On April 10, 2008, James Buck was being wheeled off to jail by Egyptian authorities in the Nile region. He pulled out his Blackberry and tweeted a single word: "Arrested. That was at about 9:30 am my time. Within the next hour the same message was retweeted by people I followed six times, even though I had never heard of the UC Berkeley student photo-journalist.Within 24 hours, people he connected to on Twitter had contacted th US State Department, who in turn got James freed. As he was being driven off to the airport and a free ride home, he tweeted: "Freed."
This incident was a light-bulb-over-the-head incident for me. It was the moment when Twitter transcended from a neat social media tool to something that would eventually be as transformative to the world as had been email or the telephone.
It was also the moment when I decided what I would write about in my next book. I had been an author in search of a topic, and knowing me, it would have to be a topic that covered social media and stirred my passion. I am a story teller and a business writer. I talk to people and try to convey to you how a piece of technology changes their lives, and their businesses.
Twitter was perfect for me. But the times were not. I was busy with other projects. Like most other industries, publishers were becoming gun shy. So it wasn't until the day after Thanksgiving 2008 that I started to write Twitterville.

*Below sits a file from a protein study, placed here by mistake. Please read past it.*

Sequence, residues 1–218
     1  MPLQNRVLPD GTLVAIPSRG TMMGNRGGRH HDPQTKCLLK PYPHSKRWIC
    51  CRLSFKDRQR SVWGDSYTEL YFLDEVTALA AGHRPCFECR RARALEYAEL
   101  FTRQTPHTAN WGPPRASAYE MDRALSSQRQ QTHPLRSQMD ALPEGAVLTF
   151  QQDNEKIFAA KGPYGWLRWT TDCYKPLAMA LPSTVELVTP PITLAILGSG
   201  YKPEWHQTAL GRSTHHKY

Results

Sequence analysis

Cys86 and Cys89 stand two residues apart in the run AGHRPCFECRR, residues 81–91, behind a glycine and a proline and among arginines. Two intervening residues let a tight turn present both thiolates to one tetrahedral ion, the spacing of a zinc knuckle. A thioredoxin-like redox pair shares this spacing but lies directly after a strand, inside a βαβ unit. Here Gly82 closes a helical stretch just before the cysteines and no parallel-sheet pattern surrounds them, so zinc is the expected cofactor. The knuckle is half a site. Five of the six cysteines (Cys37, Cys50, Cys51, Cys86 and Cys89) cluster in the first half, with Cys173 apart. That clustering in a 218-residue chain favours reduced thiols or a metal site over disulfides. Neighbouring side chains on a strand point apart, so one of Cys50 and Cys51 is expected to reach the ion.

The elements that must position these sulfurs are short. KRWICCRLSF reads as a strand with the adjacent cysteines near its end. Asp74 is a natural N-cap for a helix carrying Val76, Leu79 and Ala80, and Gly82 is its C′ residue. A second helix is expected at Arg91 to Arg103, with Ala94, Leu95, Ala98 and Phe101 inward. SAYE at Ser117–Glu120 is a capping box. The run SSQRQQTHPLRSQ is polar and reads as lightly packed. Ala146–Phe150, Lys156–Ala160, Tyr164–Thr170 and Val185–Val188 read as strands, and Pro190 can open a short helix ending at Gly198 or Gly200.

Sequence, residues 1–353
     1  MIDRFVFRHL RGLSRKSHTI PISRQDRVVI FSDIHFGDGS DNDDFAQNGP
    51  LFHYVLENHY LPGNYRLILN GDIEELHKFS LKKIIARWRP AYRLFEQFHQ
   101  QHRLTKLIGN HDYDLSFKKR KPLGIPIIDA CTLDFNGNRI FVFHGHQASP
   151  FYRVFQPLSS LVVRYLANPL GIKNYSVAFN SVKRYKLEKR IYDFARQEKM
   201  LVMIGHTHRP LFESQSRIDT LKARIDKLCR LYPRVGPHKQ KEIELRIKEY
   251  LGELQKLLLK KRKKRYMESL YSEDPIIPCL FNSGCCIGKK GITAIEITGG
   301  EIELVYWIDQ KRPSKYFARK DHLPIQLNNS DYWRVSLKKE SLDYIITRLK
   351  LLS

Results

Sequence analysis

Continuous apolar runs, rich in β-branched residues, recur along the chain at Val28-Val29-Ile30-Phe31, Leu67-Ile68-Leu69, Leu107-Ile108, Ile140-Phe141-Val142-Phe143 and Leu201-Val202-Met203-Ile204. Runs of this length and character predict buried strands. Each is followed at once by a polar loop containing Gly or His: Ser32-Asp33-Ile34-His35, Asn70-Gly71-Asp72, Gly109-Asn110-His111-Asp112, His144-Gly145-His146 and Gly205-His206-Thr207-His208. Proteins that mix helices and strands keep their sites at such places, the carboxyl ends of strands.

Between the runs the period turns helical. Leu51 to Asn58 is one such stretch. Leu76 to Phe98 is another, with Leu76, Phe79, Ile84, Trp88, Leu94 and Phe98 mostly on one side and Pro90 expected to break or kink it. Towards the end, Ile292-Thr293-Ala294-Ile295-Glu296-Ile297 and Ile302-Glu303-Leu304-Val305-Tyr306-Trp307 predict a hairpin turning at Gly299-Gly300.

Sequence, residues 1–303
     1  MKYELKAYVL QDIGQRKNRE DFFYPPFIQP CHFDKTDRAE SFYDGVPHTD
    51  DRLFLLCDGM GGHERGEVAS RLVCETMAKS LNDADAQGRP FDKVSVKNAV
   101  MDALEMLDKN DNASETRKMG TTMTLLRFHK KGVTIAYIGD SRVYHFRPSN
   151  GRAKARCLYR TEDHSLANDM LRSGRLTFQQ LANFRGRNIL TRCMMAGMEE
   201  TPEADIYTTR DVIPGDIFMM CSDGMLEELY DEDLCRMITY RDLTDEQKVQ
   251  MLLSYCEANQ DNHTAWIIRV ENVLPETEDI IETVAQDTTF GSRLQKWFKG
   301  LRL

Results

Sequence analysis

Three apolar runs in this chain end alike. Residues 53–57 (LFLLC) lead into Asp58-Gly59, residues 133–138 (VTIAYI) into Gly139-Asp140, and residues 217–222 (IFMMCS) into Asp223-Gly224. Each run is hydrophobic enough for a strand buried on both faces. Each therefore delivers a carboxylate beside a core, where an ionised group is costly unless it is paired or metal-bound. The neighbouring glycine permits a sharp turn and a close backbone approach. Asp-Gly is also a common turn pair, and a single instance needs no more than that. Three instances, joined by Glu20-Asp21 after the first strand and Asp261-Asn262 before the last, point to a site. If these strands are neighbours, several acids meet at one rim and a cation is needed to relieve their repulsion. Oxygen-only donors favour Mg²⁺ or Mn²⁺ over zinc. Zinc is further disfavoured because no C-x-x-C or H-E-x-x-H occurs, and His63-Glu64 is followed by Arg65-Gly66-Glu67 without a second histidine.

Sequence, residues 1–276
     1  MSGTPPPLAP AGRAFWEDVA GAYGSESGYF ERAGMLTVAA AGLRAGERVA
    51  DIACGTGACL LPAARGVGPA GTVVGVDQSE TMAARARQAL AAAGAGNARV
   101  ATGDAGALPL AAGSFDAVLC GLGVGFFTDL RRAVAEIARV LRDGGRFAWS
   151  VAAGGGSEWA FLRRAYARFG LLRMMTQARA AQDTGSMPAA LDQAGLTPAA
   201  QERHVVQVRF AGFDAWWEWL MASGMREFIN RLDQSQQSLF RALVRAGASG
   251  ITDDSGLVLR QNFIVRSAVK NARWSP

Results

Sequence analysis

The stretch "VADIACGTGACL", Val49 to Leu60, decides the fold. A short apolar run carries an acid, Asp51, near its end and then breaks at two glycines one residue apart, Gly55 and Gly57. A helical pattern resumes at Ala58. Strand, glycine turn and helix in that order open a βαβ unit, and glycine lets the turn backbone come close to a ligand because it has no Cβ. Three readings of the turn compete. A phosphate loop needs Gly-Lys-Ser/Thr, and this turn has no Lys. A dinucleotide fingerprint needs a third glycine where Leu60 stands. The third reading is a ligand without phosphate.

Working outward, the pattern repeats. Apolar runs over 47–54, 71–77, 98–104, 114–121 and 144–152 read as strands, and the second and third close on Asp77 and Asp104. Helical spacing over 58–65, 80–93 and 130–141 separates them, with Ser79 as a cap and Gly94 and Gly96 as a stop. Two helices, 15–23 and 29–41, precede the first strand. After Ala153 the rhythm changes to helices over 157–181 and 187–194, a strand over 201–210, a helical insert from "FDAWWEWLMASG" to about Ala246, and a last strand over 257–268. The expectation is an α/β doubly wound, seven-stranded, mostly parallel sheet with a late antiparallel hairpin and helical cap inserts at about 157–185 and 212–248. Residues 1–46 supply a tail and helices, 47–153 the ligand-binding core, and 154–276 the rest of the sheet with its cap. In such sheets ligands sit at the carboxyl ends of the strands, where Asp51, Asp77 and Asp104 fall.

Like Naked Conversations before it, I started slowly. For me it is a daunting place to stand with your toes to a mountain, realizing that you have a limited amount of time to get to the top. On the day after Thanksgiving, my mountain consisted of 80,000 words and what will probably be 17 chapters, each reporting a different aspect of Twitter.
Four months later I find myself at Base Camp. I have 62,000 words behind me and about 15,000 more to go. Then there are revisions and revisions, details, rechecking facts. Posing for pictures, figuring out what to do at launch--beside tweet about it.
But the heavy lifting is now behind me. Most of the interviews are over. I have two more chapters left to Twitterville Part One: What's happening. Chapter 13, Goodwill Funding covers humanity and generosity and Chapter 14 covers the Dark Streets of Twitterville, the spammers, stalkers and Phishermen.
By the end of Ch. 14, I will have talked with more than 200 people. I will have written about more than 50 people and businesses that I learned about directly on Twitter over these past four months. I believe Twitterville will be the most crowd-sourced book ever written. I do not think the book could ever have been written without the help I received from more the hundreds of people who tweeted suggestions to me. Without Twitter, it would have taken at east two years to get this far, rather than four months.
I cannot say thank you to the tweeters who have helped me enough times or in enough ways. I am pretty happy with the way the book is coming out and I just hope it does the generous and diverse community it's about the justice and honor I hope to contribute.
Oh yeah. I almost forgot. Special thanks to James Buck for tweeting his way out of jail.